Colombia's Constitutional Court has approved the government's proposal to decriminalize the possession of small amounts of drugs for personal use. The opinion (scroll down to item three, Expediente D-8842) issued last Sunday re-decriminalizes drug possession in Colombia, which had decriminalized by the courts in the 1990s, only to be recriminalized under former President Alvaro Uribe.
Under the law, people caught with less than 22 grams of marijuana or one gram of cocaine for personal use may not be arrested or prosecuted, but could be referred to treatment. The law also decriminalizes the possession of other drugs, but it is unclear in what amounts.
The ruling was welcomed by Ethan Nadelmann, executive director of the Drug Policy Alliance.
"Today's judicial ruling in Colombia represents yet another important step in the growing political and judicial movement in Latin America and Europe to stop treating people who consume drugs as criminals worthy of incarceration," he said. "It is consistent with prior rulings by Colombian courts before former president Álvaro Uribe sought to undermine them, and also with rulings by the Supreme Court of Argentina in 2009 and other courts in the region. The Colombian Constitutional Court's decision is obviously most important in Colombia, where it represents both a powerful repudiation of former president Uribe's push to criminalize people who use drugs and a victory for President Juan Manuel Santos’ call for a new direction in drug policy."
"Most decriminalization initiatives in Latin America, however, are being proposed and enacted not by courts but by presidents and national legislatures," Nadelmann continued. "In addition to President Santos, Guatemala's new president, Otto Pérez Molina, is an advocate of decriminalization as are -- in various ways and to different degrees -- the presidents of Costa Rica, Uruguay, Ecuador and Argentina. Some Latin American countries, it should be pointed out, never criminalized drug possession in the first place. This trend follows in the footsteps of European reforms since the 1990s. Portugal, which decriminalized drug possession in 2001, stands out as a model."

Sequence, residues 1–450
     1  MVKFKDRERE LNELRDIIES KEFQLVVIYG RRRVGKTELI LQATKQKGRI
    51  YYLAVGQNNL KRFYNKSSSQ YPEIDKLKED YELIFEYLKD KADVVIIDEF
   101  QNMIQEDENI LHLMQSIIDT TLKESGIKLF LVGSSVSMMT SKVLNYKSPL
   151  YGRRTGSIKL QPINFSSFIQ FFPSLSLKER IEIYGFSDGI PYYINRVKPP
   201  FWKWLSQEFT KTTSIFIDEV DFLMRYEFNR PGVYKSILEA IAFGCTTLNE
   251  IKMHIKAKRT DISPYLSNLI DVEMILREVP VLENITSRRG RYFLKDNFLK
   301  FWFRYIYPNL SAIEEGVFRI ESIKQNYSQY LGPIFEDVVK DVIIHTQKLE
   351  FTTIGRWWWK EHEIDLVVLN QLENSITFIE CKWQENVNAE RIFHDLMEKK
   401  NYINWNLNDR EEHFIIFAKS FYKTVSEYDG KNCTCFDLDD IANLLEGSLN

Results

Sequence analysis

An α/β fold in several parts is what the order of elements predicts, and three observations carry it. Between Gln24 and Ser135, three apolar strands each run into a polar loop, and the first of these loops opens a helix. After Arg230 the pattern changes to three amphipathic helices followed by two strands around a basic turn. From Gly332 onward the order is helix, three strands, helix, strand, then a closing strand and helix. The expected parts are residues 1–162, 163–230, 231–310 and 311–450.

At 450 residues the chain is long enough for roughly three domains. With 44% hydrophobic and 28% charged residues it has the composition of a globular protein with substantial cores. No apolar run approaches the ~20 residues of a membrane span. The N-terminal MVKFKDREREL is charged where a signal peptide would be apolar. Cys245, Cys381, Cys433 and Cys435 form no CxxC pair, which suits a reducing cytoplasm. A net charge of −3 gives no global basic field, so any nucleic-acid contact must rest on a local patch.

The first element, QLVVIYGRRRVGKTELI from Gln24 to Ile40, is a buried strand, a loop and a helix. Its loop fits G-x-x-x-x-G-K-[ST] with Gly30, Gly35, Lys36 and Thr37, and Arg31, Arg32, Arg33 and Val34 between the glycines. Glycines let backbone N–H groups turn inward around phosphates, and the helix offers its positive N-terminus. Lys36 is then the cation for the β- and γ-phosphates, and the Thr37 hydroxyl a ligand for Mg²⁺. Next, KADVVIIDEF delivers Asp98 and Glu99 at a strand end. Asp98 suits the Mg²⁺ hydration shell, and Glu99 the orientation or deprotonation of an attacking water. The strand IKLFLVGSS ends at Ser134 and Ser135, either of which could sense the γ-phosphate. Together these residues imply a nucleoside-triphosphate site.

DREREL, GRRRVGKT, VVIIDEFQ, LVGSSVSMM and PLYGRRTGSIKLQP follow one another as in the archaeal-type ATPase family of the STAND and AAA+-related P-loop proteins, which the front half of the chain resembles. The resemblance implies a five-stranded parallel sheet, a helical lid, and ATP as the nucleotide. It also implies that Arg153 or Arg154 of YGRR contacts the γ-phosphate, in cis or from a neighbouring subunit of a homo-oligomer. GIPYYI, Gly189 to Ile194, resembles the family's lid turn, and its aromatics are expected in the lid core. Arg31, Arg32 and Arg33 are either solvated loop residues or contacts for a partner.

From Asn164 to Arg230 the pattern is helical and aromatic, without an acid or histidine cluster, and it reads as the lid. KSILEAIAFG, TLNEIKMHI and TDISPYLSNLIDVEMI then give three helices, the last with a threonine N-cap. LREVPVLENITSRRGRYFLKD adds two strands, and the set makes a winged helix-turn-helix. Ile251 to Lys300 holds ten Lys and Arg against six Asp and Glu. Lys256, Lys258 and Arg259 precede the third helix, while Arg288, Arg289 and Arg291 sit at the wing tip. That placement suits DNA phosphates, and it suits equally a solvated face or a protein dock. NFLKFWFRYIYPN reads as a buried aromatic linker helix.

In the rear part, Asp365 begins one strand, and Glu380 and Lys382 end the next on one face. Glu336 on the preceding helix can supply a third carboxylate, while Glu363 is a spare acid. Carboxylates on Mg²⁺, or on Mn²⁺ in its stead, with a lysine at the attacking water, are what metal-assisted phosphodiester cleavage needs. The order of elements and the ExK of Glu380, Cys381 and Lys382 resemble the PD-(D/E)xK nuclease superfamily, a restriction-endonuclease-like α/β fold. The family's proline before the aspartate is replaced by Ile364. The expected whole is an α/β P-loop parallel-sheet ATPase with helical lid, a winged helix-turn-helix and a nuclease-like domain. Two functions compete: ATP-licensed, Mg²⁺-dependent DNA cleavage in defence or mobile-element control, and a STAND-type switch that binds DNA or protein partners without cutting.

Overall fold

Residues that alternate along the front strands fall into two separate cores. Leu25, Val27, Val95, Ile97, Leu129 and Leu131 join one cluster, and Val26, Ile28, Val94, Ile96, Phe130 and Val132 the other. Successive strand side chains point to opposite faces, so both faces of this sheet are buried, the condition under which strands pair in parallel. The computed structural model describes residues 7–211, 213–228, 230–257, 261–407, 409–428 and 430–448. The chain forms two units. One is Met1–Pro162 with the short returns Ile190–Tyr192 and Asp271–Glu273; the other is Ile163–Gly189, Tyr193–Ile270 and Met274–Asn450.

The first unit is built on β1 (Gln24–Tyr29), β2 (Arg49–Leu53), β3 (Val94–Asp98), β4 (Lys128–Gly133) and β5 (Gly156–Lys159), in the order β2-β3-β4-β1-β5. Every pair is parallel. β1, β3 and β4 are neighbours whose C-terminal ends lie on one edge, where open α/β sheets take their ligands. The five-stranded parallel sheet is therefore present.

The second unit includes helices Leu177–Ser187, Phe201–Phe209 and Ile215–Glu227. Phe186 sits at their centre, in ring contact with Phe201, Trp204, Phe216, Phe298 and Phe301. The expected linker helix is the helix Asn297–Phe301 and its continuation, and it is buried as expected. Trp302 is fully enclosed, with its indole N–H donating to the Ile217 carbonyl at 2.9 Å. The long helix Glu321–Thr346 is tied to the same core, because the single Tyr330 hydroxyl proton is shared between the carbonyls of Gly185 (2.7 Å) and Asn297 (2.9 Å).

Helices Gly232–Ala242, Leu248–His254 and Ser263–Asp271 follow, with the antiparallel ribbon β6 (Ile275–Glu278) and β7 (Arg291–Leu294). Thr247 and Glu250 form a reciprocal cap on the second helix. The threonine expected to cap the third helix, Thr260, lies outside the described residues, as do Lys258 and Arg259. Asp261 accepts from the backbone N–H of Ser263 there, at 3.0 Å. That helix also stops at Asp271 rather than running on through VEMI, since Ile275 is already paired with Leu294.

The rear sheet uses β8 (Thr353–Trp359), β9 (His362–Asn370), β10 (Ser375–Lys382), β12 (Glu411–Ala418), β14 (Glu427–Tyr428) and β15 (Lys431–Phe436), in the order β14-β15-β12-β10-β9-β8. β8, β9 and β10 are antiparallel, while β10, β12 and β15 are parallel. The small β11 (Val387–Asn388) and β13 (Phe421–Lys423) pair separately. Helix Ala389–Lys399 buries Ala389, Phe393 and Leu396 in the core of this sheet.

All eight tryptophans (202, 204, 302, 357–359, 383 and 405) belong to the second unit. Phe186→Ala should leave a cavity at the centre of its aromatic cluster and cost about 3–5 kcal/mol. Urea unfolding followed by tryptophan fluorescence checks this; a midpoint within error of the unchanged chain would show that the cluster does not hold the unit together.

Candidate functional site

"Decriminalizing drug possession appears to have little impact on levels of illicit drug use," Nadelmann argued. "Its principal impacts are reducing arrests of drug users, especially those who are young and/or members of minority groups; reducing opportunities for low level police corruption; allowing police to focus on more serious crimes; reducing criminal justice system costs; and better enabling individuals, families, communities and local governments to deal with addiction as a health rather than criminal issue."
"The United States clearly lags far behind Europe and Latin America in ending the criminalization of drug possession," Nadelmann noted. "Momentum for reform is growing with respect to decriminalization of marijuana possession, with Massachusetts reducing penalties in 2008, California in 2010, Connecticut in 2011 and Rhode Island earlier this year. All states, however, treat possession of other illegal drugs as a crime. Thirteen states, the District of Columbia, and the federal government currently treat possession of drugs for personal use as a misdemeanor, with penalties of up to a year in jail. The remaining thirty-seven states treat possession of cocaine, heroin and other drugs as a felony, with penalties than can include many years in prison."